Additionally, fennel oil has been shown to oxidize more quickly in light than in dark. (Source)
Heat also can affect essential oil shelf life, however, this hasn’t been as widely studied.
Heat causes volatile compounds to evaporate more quickly. But, of course, the lid of the bottle would need to be removed in order for this to happen.
It appears, from the studies that have been done, that the effect of heat on an essential oil will vary depending on the components of that specific oil. Oils with components such as citral, citronellal, and oils that are high in monoterpenes seem to be more greatly affected by heat exposure than others.
Apparently, essential oils that are extracted using CO2 are more prone to damage from heat than other essential oils, though the reason for that is not yet known. (Source)
Robert Tisserand, considered by many to be the foremost expert on essential oil safety, recommends keeping your essential oils away from heat and in cool areas, ideally in the refrigerator. (Source)
One more thing that can affect essential oil shelf life is time. Of course, if the essential oil is not exposed to oxygen, light, or heat (it’s stored unopened in a dark, cool place), then it will be stable longer. However, once you open the bottle, the deterioration begins and progresses with time.
As you expose the essential oil to any of the above assaults, over time, the essential oil will change. If you regularly open your bottle to use the oils, then the effect will occur more quickly.
Do Any Oils Get Better Over Time?
Apparently there are some essential oils that get better with time, Patchouli being one of them.
Others that are said to get better with time include Sandalwood, Rose, possibly Cedarwood, Vetiver, Frankincense (CO2), and Myrrh. See below for more information.
Are Expired Essential Oils Dangerous?
The answer is–maybe!
Essential oils are made up of different components–lighter components and heavier ones.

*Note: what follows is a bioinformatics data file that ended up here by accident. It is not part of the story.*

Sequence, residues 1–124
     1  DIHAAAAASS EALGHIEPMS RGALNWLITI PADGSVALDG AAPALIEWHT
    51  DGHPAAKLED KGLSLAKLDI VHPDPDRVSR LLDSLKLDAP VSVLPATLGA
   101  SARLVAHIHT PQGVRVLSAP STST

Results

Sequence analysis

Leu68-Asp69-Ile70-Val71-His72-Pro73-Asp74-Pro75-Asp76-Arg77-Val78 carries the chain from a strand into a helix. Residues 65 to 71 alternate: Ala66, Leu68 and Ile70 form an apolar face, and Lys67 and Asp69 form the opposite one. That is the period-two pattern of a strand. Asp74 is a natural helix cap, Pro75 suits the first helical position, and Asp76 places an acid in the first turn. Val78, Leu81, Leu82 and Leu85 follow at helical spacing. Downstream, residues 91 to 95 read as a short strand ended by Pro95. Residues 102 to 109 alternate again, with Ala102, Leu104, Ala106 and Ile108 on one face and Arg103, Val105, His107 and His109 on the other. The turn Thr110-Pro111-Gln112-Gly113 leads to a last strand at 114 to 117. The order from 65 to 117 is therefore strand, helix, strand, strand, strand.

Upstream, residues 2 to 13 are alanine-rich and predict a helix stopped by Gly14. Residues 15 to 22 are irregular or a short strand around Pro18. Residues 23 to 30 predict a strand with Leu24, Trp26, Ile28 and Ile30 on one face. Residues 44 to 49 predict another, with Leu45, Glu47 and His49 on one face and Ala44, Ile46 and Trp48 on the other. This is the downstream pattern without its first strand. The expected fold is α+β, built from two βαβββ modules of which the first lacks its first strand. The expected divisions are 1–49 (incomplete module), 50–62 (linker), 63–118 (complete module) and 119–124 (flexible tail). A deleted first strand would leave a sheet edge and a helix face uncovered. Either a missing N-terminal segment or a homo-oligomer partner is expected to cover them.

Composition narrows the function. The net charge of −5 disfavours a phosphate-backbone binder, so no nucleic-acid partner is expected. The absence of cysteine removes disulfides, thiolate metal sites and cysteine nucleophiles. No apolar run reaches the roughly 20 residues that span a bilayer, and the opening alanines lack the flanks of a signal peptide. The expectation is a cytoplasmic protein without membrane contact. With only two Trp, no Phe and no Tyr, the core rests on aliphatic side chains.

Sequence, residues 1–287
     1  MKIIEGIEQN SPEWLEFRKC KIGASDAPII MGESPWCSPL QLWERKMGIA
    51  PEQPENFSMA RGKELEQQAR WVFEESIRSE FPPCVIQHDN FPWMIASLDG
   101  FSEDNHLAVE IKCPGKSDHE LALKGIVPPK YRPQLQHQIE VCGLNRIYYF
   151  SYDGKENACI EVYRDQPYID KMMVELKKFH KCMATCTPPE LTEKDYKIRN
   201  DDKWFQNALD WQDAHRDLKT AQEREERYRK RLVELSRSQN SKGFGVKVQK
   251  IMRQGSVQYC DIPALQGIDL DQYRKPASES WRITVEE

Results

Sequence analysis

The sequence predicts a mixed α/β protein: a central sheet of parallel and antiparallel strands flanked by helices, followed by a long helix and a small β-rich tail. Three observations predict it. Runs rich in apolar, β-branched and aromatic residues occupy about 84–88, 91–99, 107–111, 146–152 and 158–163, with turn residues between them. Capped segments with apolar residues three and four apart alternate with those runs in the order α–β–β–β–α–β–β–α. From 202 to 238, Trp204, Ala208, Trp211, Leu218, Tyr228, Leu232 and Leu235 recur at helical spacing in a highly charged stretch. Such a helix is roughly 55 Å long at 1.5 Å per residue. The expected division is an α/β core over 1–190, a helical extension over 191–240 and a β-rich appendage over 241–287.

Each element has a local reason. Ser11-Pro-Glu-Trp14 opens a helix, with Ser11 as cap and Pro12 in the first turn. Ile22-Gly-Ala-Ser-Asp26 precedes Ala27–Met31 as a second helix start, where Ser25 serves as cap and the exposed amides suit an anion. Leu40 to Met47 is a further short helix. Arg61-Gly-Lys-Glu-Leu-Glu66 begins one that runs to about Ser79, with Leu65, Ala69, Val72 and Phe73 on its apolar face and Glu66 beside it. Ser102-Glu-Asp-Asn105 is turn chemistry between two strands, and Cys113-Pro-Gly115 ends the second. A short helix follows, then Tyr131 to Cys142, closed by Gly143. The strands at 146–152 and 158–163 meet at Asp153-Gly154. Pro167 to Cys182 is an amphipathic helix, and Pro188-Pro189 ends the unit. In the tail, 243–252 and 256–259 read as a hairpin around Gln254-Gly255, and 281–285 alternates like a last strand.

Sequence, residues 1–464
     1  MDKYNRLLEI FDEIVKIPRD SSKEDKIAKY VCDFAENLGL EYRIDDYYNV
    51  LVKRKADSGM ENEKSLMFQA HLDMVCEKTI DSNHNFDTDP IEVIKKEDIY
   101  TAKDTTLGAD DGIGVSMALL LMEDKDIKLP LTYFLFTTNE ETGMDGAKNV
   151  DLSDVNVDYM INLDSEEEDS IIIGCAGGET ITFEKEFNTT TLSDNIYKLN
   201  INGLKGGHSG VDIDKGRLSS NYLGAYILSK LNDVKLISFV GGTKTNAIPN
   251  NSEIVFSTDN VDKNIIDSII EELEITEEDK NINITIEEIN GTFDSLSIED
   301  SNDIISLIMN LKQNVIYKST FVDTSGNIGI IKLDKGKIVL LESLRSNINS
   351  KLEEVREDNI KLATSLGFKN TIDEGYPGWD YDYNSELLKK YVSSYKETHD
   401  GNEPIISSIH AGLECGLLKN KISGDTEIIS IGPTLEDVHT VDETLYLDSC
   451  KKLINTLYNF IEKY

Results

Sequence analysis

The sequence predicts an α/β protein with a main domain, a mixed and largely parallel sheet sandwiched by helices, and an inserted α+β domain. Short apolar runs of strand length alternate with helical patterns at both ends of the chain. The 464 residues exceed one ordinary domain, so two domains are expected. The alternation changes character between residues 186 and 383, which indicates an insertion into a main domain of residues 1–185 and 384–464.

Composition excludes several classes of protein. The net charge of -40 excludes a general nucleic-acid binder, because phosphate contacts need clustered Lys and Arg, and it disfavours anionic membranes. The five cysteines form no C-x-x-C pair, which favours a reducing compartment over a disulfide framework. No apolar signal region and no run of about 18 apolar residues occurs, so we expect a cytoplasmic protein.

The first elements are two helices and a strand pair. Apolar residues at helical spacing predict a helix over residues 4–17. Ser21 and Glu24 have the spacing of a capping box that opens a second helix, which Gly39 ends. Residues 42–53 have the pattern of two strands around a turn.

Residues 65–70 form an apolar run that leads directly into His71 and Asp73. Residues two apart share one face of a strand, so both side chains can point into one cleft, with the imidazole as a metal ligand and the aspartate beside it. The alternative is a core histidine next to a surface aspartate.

The lighter components evaporate first, leaving the heavier components behind. Typically, the lighter components are the ones that are gentler on the skin.
So, if you use an essential oil that’s been around for a while, your chances to experience irritation are greater and the chances of getting sensitized to the oil increase too.
This post on Emulsifying Essential Oils, talks about ways you can greatly minimize the chances of sensitization.
When essential oils are exposed to light, heat, and oxygen, the components change. So you truly end up with a different oil than what you started out with.
So due to all of these reasons, old essential oils can be dangerous.
Can You Use Expired Essential Oils?
Just because an older essential oil shouldn’t be used on your skin, that doesn’t mean you need to toss it. Here are a few ideas for how to use them.
- Refresh drains. Drop some oil down your drains to help freshen them. Citrus scents like lemon and orange work great for this!
- Freshen up your vacuum cleaner bag. Put a few drops of lavender or rose essential oils in or on your bag before vacuuming.
- Clean your house. Use peppermint oil in a homemade cleaner like this homemade cleaning paste or homemade window cleaner.
- Repel pests. Place a drop or two of oil on a cotton ball and place it where you have a pest problem. Peppermint, thyme, and spearmint are some oils that work against certain pests.
Essential Oil Components and Shelf Life
Note that Tisserand recommends storing your essential oils in the refrigerator. The following time frames should be halved if they are stored in an area with exposure to heat or light.
Essential Oil Components